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Customs

A Wealth of Traditions

Most of the surviving folk customs from the fertile Vipava Valley are closely connected with wine-making and trading with agricultural products. For centuries Valley life was inextricably linked with the weather; produce was extremely precious and the harvest warranted a celebration. The most extraordinary customs are still alive and well. Folk heritage inspired many interesting traditional events that bring visitors to the Vipava Valley time and again.

Grape Harvest

Many consider the grape harvest to be the best time of the year. The wine-growers from the Vipava Valley go about the harvest with utmost care, always picking the grapes by hand and only when the ripe berries produce the best juice. This requires many hardworking hands of lively pickers who are excited to spend the time together in the vineyard and enjoy the traditional feast held at the end of a hard day’s work. Lunch, consisting of fresh bread and prosciutto, is eaten in the vineyard, topped off with delicious štruklji once the dirty work is done. No harvest goes by without mouth-watering traditional dishes.
Occasionally, larger farms will accept random visitors to help with the harvest, if so inclined. If you are eager to experience an authentic grape harvest in Vipava, get in touch with a tourist information centre. A festive atmosphere awaits at the largest social and culinary event of the season – the traditional Vipava Grape Harvest.

Information: TIC Vipava, TIC Ajdovščina

 

St. Martin’s Day

Folk tradition has it that on St. Martin’s Day, i.e. 11 November, must is turned into wine. The wine cellars across Vipava break out in joy when the long awaited day is finally here and the wine is ripe to be tasted. As per St. Martin’s Day custom, the host and hostess make sure to invite all friends and acquaintances who had lent a hand with the grape harvest to their cellar. The table abounds with home-made delicacies and the glasses overflow with new wine. Singing resounds through the villages across the valley – another typical trait of the Vipava region, just like wine.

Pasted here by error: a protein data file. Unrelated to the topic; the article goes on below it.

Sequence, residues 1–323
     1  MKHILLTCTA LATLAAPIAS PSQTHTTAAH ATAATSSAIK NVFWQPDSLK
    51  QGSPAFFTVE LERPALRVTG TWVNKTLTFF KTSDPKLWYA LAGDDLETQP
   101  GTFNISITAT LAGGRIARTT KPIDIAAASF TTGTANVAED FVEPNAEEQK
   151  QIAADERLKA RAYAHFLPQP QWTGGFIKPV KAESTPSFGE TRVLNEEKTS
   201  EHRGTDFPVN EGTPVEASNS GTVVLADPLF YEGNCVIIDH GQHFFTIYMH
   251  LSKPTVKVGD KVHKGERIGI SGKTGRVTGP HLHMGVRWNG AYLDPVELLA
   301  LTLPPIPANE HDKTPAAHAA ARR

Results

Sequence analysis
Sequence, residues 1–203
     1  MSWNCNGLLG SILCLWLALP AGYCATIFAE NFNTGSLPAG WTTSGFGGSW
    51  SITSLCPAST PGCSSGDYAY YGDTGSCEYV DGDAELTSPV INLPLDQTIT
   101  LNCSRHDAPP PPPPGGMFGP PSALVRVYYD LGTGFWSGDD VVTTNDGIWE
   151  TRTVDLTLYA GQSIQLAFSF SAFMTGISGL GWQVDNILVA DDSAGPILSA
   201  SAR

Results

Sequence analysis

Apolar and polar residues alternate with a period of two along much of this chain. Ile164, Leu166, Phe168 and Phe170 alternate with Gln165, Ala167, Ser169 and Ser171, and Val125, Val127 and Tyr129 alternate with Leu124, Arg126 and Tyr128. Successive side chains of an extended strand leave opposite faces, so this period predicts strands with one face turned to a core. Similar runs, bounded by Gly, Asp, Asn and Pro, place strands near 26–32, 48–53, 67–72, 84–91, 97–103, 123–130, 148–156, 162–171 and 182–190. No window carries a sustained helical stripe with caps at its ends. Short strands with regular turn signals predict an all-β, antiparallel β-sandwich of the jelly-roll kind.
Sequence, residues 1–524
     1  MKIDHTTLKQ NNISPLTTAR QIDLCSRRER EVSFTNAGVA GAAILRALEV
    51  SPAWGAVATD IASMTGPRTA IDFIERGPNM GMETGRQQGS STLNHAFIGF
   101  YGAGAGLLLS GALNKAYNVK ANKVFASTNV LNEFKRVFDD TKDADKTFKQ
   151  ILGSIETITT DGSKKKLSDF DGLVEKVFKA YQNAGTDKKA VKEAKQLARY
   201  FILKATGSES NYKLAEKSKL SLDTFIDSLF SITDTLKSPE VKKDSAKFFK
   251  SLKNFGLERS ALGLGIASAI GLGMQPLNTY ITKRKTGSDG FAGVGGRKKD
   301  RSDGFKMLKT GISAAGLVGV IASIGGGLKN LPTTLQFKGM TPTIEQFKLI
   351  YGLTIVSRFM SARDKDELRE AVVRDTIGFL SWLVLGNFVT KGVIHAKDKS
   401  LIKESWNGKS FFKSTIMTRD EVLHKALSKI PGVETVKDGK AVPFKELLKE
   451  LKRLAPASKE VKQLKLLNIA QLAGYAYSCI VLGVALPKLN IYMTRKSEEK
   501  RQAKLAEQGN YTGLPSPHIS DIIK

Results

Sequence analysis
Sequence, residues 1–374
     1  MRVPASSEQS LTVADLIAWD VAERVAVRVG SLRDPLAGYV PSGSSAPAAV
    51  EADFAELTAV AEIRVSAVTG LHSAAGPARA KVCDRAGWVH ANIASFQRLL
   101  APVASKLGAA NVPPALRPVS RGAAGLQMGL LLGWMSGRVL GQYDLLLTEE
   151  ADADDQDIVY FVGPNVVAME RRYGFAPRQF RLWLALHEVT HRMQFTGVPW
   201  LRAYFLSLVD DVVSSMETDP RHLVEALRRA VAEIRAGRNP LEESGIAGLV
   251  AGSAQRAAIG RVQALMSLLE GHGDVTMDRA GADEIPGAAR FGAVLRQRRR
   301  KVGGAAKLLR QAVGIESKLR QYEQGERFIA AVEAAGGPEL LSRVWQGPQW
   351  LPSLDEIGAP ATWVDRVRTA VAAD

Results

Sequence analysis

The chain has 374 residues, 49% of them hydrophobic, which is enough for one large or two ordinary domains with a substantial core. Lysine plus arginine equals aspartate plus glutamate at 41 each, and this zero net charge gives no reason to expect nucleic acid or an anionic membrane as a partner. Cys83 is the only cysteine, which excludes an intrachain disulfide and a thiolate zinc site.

In early November, the Vipava Valley holds a myriad of Martin’s Day celebrations organized by farms, villages, inns and tourist organizations.

Events in Vipava Valley
Information

Osmica Open Doors and Open Wine Cellars

The right to an eight-day period in which farmers from the Vipava Valley were allowed to sell wine at their home grew into a custom referred to as osmica by the locals, and dates back to the 18th century. Today, the open-door period can last anywhere from seven to ten days, during which farmers indulge guests with hearty homely meals and wine from their own cellar.

Osmica Open Doors in the Vipava Valley

It is very likely that this custom spawned the more recent custom in which farmers invite guests and produce buyers to their cellars and opulently laid tables on other occasions as well. The most popular season for hosting open doors in the Vipava Valley is late autumn, from St. Martin’s Day in mid-November to Christmas. For several years now, the Upper Vipava Valley also has an event which connects all of the open wine cellars, creating a memorable event.

 

Events Honouring the Local Carter Tradition

Horse-drawn wagons that were the chief means of transport until the last century are still to be seen driving across the Vipava Valley. The legacy of carters transporting wine and produce from the valley to distant cities is still alive, along with the legacy of carters hauling timber from the Trnovo Forest. Traditional carter events are where horse lovers and fans of old customs come to admire festively made up horses recreating traditions of yesteryear. On a fine day, you might even see a horse-drawn cart strutting down a village road.

Attractive carter events:

  • Furenga – transporting the mast for the maypole: traditional multi-day festival that demonstrates the cutting down and transport of the maypole from the Trnovo Forest to Nova Gorica. Information: TIC Nova Gorica
  • Martin’s furenga is a demonstration of wine transport; it starts in Šempeter, passes through Vrtojba, crosses the border to Italy, where it goes through Štandrež, Sovodnje and Gorica. The demonstration concludes in Šempeter with the blessing of new wine and the mayor’s address. Information
  • Horse Blessing Ceremony in Vipava on St. Stephen's Day is a traditional event continuing an ancient custom. This is one of the most noteworthy horse-related events in Slovenia. Information: TIC Vipava